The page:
In any case, civic friendship takes work. That’s hopelessly trite, but there it is. It is work we’ve sloughed for too long. Even if we haven’t lost the will for it beyond recovery, I do wonder with you whether we shall find the wherewithal – whether, as I also asked in Soul of a Nation, there is still a “we” to speak of. I suspect neither of us is particularly sanguine about our prospects, but – as often happens in marital rapprochements – we get ourselves to a place from which to address the great things, by focusing on the small.
Anyway, I wish I were there with you, and that maybe has to count for something?
Not to be cynical, but I don’t see Catholics, much less anyone else, getting to “a place from which [we can] address the great things, by focusing on the small”. People have settled too happily into their political commitments to talk reasonably. And they feel those commitments to be ultimate, almost eschatological. Why talk with people they think on the side of the Antichrist?
My own attempts just to lay out the rules by which we think about voting have not gone over so well with the Catholic right. It doesn’t matter to them what the Church teaches about voting. It doesn’t matter what then-Cardinal Ratzinger said, even though he’s their hero otherwise. It matters whether you support Trump. If you don’t, you must be a “pro-abort” or a Biden supporter.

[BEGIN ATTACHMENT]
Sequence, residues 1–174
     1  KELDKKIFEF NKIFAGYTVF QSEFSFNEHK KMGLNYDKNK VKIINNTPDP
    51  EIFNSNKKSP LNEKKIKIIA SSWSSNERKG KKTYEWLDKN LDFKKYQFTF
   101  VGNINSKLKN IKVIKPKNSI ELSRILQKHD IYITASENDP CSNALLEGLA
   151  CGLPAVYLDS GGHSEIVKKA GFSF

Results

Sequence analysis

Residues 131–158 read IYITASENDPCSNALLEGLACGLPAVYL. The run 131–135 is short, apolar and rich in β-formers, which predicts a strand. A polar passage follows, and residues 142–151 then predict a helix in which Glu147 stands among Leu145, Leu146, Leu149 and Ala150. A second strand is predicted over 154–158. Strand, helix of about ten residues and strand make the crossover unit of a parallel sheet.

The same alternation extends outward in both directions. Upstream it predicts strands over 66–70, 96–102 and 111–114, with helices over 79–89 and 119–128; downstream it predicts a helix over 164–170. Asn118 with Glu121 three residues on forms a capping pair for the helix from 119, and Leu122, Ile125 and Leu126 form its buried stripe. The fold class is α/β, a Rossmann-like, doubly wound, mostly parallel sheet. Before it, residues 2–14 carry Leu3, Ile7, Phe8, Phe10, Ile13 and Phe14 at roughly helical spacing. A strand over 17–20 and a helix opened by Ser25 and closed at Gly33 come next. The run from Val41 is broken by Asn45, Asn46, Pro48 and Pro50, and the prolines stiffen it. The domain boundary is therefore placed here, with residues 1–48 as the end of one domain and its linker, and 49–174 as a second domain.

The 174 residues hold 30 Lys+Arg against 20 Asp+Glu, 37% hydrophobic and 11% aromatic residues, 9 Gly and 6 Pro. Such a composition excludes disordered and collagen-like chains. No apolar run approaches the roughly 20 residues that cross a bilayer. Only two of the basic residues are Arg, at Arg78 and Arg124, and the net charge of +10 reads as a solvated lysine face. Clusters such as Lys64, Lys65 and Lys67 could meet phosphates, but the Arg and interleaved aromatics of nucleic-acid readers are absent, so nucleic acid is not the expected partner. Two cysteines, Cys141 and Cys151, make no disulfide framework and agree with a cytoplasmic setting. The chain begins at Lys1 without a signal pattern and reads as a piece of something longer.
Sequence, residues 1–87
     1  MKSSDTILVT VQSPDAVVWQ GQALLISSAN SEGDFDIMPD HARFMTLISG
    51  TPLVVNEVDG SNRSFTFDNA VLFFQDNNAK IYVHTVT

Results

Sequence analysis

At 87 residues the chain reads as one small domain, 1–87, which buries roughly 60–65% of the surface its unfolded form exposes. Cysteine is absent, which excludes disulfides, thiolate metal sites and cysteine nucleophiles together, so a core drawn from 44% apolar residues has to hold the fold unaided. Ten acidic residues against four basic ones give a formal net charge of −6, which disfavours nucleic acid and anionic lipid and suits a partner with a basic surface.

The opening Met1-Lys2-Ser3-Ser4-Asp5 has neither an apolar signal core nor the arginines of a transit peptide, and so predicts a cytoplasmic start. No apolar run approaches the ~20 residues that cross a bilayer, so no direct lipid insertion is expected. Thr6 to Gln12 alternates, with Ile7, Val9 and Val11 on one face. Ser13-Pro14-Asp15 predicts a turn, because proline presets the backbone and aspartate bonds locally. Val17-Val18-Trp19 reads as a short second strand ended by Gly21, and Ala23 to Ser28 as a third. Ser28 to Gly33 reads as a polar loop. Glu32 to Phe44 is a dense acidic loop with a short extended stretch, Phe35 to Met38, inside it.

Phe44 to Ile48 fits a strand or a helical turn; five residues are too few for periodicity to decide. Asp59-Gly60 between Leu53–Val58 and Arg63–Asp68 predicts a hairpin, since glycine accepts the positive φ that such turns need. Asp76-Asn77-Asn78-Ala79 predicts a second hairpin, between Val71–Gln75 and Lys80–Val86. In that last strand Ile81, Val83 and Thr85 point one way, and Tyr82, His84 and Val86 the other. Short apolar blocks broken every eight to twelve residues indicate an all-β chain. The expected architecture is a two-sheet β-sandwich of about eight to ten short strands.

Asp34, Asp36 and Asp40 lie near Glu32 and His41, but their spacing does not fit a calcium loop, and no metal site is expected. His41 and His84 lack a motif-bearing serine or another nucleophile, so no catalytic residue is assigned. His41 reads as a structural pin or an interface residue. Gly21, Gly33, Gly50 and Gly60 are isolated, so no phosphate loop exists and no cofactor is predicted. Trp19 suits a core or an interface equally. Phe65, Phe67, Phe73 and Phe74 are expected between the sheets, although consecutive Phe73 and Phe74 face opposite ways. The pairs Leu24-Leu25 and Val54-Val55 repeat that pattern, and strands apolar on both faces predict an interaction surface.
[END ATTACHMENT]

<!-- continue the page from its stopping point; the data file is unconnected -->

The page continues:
People who will cheer homilies telling us that this world is not our home treat politics as if it were salvific. Real Catholics vote as they do.
You can’t talk with them. And they don’t like politics. They remind me of the character type described by the late Zygmunt Bauman – a man too little read by Catholics – in This Is Not a Diary: people who want “an orderly, clean and transparent world in which good and evil, beauty and ugliness, truth and lie are neatly separated from each other and never mix, so we can be sure how things are, where to go and how to proceed; we dream of a world in which judgments and decisions can be made without the arduous labour of understanding.” This produces ideologies, “those dense curtains that stop looking short of seeing”.
So I think the question gets back to politics as the only possible conversation. Not an ideal one, not what we’d want, but the only workable way of engaging our disagreements. Politics engages the world we live in and affects real human lives. Including the social spending that reduces abortions.
Politics gives us some chance of changing the things we oppose. Like the abortion regime. As Bauman wrote in another book, 44 Letters From the Liquid Modern World, man, “the most variable of variables; and the least predictable among unpredictables”, can change the future. We must “join forces and pool our efforts in order to cause future events to conform to what we desire, and to steer clear of undesirable scenarios … [T]his is the sole strategy that gives us a chance of winning battles. Not the perfect solution, but the only one available.”
I think that’s what we’re left with. It’s depressing that Catholics don’t speak with a single voice. But that’s where we are.